Like many new products or services in various industries, when something “fresh” comes to the market with the promise of being a “better” solution, many consumers rush to embrace it before truly understanding its nuances. Within the world of investment consulting, that relatively new service has been generically branded as the outsourced chief investment officer (OCIO) or Discretionary Service Model. To add more confusion to this topic, some providers have come up with enticing brand names, such as “Fiduciary program,” to differentiate their offering. In addition to different names, the actual consulting services delivered to clients can vary depending on what is included in each company’s distinct program. The purpose of this blog is to help educate Trustees (consumers) on the potential differences and pitfalls between each discretionary service model approach so a more informed decision can be made in regard to whether Boards should move in this direction with their portfolio or stay within the more traditional 3(21) non-discretionary consulting service model.
Portfolio Direction: this is the first important factor each Board must consider when contemplating a discretionary service model. Essentially, these new services offer Boards more efficiency, potentially lower cost, perceived enhanced liability protection and higher accountability for performance with their advisor. In exchange for these services, clients must be willing to pay a higher cost for general consulting services. In traditional consulting relationships, 3(21) advisors normally bring their best ideas to clients (or conduct open RFPs) and then make a recommendation to the Board on what strategies, styles and specific managers make the most sense for their specific portfolio needs.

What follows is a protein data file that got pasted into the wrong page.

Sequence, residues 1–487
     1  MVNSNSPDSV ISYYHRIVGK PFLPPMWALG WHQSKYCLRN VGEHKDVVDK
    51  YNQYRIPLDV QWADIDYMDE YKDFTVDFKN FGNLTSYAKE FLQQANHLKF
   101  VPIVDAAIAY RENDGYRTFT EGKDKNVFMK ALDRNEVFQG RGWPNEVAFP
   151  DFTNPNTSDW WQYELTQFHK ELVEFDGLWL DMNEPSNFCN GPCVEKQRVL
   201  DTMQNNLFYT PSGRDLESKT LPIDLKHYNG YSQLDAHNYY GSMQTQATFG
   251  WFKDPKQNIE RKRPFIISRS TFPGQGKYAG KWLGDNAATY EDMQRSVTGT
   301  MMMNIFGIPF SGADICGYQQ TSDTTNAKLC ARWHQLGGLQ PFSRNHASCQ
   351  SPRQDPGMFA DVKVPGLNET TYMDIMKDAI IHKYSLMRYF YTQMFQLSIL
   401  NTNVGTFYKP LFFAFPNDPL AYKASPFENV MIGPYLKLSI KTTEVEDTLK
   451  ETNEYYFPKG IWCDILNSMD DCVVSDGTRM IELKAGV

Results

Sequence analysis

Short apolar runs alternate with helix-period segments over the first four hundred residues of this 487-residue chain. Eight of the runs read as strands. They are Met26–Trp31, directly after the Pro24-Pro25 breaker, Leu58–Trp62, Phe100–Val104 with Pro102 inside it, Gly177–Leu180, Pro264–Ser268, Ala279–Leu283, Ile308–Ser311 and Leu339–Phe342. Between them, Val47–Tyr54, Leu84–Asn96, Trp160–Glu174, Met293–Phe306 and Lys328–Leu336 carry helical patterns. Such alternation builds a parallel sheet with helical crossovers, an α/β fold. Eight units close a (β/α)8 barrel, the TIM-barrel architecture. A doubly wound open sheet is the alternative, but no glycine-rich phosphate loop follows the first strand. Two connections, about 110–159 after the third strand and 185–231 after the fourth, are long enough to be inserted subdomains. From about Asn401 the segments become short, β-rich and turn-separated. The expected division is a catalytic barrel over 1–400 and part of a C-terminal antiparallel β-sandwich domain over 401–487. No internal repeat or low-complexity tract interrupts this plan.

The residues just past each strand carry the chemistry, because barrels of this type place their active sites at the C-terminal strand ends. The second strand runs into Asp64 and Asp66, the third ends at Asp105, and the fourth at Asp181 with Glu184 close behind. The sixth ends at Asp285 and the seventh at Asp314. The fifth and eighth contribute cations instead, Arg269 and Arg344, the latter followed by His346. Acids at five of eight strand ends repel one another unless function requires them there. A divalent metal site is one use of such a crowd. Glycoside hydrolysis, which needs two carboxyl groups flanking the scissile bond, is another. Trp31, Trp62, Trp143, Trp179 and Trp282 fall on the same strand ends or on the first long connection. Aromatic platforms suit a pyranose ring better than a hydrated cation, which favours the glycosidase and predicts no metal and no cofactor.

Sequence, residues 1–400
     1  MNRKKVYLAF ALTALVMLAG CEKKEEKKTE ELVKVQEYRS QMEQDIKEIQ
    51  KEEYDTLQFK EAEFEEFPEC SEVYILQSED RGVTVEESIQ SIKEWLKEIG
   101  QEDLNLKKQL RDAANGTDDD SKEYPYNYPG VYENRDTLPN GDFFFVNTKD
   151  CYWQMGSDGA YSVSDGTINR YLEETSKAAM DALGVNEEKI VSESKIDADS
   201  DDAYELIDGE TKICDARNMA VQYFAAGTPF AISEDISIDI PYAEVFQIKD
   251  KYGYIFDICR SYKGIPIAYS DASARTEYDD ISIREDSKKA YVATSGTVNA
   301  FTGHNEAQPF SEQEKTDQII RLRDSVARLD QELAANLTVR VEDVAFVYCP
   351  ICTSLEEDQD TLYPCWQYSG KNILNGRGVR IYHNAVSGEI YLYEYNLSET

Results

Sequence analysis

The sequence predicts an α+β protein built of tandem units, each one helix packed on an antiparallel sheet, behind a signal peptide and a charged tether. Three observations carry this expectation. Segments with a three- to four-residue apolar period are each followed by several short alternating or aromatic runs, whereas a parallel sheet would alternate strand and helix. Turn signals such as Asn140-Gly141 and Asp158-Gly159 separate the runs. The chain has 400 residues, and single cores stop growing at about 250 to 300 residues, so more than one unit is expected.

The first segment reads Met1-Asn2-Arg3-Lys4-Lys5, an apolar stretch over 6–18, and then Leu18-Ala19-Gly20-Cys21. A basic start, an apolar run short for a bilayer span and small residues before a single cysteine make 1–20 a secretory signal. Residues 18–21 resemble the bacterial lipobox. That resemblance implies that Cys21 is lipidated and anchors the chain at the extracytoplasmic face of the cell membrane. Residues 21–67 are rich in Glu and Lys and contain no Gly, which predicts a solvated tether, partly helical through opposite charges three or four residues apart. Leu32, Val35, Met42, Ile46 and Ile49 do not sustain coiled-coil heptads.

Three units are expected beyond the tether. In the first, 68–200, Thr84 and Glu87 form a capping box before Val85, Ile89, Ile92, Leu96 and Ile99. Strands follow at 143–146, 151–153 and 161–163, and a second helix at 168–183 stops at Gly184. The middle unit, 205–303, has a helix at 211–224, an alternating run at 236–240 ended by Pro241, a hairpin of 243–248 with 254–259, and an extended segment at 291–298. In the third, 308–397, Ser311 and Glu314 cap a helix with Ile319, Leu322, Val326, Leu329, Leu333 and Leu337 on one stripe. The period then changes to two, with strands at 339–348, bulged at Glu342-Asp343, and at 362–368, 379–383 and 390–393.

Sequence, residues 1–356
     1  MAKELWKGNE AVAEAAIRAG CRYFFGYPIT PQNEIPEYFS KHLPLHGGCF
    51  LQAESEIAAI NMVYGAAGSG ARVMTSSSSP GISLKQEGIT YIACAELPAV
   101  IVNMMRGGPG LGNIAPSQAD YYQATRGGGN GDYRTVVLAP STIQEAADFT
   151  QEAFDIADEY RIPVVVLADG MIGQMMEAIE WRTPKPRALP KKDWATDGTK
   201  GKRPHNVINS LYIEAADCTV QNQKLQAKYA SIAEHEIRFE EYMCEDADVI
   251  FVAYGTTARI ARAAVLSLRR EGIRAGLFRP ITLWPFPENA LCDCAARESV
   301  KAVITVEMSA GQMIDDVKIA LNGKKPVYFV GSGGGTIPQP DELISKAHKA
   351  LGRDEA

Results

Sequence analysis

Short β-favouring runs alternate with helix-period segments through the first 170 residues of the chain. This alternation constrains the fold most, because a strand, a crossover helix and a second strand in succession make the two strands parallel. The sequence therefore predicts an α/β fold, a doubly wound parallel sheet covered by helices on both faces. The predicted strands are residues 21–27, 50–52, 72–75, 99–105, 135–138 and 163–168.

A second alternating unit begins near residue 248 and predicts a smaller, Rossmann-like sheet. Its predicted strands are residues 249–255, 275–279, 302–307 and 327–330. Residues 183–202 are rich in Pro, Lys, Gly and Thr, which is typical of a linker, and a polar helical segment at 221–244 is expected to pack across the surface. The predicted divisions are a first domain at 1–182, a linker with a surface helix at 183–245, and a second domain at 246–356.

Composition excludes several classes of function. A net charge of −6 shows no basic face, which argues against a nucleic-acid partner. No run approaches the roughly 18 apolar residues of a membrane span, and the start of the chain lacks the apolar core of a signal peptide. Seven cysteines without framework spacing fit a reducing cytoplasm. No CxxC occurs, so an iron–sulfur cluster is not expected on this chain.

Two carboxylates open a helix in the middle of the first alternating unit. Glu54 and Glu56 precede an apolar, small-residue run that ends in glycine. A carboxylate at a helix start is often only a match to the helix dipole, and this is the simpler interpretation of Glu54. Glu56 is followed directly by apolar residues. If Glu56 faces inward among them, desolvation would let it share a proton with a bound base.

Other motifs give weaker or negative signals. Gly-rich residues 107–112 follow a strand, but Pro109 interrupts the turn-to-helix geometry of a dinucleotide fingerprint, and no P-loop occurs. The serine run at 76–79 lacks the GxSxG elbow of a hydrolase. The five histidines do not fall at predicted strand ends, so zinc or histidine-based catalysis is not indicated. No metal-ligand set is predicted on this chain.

The ultimate decision to move forward and invest is made by the Board. Many clients have gotten frustrated with this process due to the time it can take to complete Board education, strategy reviews, manager searches and ultimately execute on the decision that is made. Additionally, some Boards are feeling increasingly ill-equipped to make or rule on such major financial decisions. Couple this frustration and overload with an ongoing deluge of new investment products promising nirvana and you have an industry ripe and ready for a new solution. That solution is the discretionary service model in all of its forms. Even though some consulting firms have offered discretionary programs for some time, increased litigation and pressure on Boards from internal and external sources for better results has created a much deeper market for discretionary consulting services.